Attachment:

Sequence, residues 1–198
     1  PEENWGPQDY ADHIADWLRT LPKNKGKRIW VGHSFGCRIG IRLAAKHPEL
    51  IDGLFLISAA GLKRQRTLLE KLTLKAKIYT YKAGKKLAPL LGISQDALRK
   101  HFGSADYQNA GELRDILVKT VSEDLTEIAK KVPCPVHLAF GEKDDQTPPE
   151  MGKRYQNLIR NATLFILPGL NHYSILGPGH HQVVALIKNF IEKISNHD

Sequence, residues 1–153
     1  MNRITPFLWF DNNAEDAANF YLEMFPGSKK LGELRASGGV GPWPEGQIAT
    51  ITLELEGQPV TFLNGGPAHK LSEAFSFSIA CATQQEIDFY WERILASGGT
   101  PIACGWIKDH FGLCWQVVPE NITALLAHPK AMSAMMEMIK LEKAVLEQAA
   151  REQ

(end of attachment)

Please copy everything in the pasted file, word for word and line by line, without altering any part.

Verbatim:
Sequence, residues 1–198
     1  PEENWGPQDY ADHIADWLRT LPKNKGKRIW VGHSFGCRIG IRLAAKHPEL
    51  IDGLFLISAA GLKRQRTLLE KLTLKAKIYT YKAGKKLAPL LGISQDALRK
   101  HFGSADYQNA GELRDILVKT VSEDLTEIAK KVPCPVHLAF GEKDDQTPPE
   151  MGKRYQNLIR NATLFILPGL NHYSILGPGH HQVVALIKNF IEKISNHD

Sequence, residues 1–153
     1  MNRITPFLWF DNNAEDAANF YLEMFPGSKK LGELRASGGV GPWPEGQIAT
    51  ITLELEGQPV TFLNGGPAHK LSEAFSFSIA CATQQEIDFY WERILASGGT
   101  PIACGWIKDH FGLCWQVVPE NITALLAHPK AMSAMMEMIK LEKAVLEQAA
   151  REQ